Barbaresco Morassino 2017
DOCG, Cascina Morassino, 750 ml
Tradition and modernity are ideally combined in this superior, handcrafted Barbaresco. Fruity and rounded like a modern Nebbiolo, yet as tannic, earthy and balsamic as a traditionalist. In the nose, an intense aroma of red berries, violets, roses and a suggestion of mint. On the palate, full-bodied and velvety with a perfect fusion of aromas thanks to the soft tannins, for a harmonious overall impression. A finish supported by the typical Barbaresco spice.
|Origin:||Italien / Piemont / Barbaresco|
|Ripening potential:||5 to 12 years|
|Serving temperature:||16 to 18 °C|
|Food pairing suggestion:||Brasato di manzo al Barolo, Saddle of lamb fillet with herb jus, Cheese board, Spaghetti alla bolognese, Orecchiette, Strozzapreti alla siciliana, Risotto with ceps|
|Vinification:||short must fermentation, fermentation in steel tank|
|Harvest:||hand-picking, strict selection|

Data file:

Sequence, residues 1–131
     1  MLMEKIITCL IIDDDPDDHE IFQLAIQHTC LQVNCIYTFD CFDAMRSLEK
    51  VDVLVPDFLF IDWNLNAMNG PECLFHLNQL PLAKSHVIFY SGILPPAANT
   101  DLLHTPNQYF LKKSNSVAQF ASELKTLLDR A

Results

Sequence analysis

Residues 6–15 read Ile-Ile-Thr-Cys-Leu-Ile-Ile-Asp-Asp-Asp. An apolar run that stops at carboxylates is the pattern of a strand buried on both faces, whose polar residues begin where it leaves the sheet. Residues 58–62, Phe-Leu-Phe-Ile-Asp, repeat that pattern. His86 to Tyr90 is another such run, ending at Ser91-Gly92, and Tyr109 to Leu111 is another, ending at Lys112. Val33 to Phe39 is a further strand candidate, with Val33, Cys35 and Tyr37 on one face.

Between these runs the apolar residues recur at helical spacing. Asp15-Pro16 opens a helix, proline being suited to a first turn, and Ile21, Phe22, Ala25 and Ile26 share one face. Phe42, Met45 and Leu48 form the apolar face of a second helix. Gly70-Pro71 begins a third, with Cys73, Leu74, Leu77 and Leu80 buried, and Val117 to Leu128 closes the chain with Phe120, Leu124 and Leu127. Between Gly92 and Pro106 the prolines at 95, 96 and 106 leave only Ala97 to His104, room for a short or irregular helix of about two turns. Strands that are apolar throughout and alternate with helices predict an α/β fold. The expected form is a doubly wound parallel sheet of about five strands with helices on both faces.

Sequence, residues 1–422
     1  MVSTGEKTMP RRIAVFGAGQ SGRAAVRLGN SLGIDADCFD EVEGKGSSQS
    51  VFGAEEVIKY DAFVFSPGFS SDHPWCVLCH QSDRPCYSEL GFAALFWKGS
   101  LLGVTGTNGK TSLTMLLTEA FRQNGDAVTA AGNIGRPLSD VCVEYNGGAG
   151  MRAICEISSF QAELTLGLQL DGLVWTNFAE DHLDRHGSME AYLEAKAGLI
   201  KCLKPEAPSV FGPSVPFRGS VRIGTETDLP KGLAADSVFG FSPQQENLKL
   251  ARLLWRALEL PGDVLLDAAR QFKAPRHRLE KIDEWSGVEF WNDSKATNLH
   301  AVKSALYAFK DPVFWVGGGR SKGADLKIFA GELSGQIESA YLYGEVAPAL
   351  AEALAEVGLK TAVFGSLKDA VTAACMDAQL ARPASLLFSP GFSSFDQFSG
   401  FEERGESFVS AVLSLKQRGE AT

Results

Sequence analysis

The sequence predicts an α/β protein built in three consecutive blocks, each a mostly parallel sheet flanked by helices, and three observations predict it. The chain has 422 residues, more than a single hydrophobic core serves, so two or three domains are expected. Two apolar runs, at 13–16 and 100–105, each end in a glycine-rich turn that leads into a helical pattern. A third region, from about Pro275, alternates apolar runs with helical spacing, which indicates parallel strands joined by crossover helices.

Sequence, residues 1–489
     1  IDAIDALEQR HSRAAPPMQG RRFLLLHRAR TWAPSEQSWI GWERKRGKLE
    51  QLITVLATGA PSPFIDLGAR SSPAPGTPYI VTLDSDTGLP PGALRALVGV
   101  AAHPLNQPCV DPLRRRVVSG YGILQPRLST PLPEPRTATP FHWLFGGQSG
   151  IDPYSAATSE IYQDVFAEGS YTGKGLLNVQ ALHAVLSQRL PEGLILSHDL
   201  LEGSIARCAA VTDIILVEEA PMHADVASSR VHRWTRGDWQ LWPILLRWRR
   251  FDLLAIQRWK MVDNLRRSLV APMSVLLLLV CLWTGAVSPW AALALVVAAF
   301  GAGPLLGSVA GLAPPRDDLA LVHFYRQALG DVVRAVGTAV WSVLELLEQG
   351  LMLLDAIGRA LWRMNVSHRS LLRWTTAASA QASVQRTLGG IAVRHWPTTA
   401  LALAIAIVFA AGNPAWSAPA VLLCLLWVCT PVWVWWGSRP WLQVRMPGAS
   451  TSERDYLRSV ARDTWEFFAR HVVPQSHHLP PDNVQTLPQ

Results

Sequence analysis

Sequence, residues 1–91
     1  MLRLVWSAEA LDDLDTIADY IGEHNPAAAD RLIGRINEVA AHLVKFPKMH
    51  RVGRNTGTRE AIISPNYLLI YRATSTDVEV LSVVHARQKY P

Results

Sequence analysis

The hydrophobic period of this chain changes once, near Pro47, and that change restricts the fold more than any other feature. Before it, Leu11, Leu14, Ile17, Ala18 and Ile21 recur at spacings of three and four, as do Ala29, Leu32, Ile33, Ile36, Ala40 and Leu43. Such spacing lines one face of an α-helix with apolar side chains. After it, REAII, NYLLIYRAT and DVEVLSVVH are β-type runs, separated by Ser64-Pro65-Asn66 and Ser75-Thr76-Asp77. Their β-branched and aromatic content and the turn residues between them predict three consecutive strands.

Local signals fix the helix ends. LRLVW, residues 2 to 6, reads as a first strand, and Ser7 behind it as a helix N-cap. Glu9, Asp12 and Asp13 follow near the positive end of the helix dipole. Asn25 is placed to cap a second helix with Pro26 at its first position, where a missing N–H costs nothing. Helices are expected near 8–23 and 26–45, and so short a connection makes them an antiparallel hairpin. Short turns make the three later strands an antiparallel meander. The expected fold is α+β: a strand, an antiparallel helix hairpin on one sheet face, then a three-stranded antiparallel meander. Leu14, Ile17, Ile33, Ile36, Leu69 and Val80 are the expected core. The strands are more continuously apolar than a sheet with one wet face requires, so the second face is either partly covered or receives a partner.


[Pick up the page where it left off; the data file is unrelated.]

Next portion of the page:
|Maturation:||in large wooden barrel/foudre, in new barriques|
|Maturation duration:||24 months|
Cascina Morassino / R. & M. Bianco
It’s the king of Piedmont: the most sought-after wines come from Nebbiolo. It reaches its highest expression in Barolo and Barbaresco. Its acidic, tannin-rich wines in its youth are often unapproachable. With maturity, however, it develops an ethereal bouquet of cherry, liquorice, violet and rose, as well as truffles, tar and forest floor. Nebbiolo takes its name from the Italian “Nebbia”, meaning fog. This not because of the weather in Piedmont, but due to the whitish film on the ripe, red berries. It was first mentioned by this name in the 13th century. Much like the Pinot noir, Nebbiolo can precisely reflect its terroir, but only if it is really pleased with where it is. It likes cool climates and calcareous soils. Attempts have been made to transplant it, for example, to California, but the results were disappointing. It feels most comfortable in the hills of northern Italy.
Italy – Where wine is a way of life
The Italian wine regions are extremely diverse, and this is made clear in their wines. Established varieties such as Merlot, Syrah, and Sauvignon can be found on just 15 percent of the total vine growing area. The remaining 85 percent is reserved for autochthonous, indigenous varieties. More than 2,000 different grape varieties are grown under diverse conditions and pressed with various techniques into wines that reach the top tier of the international wine market.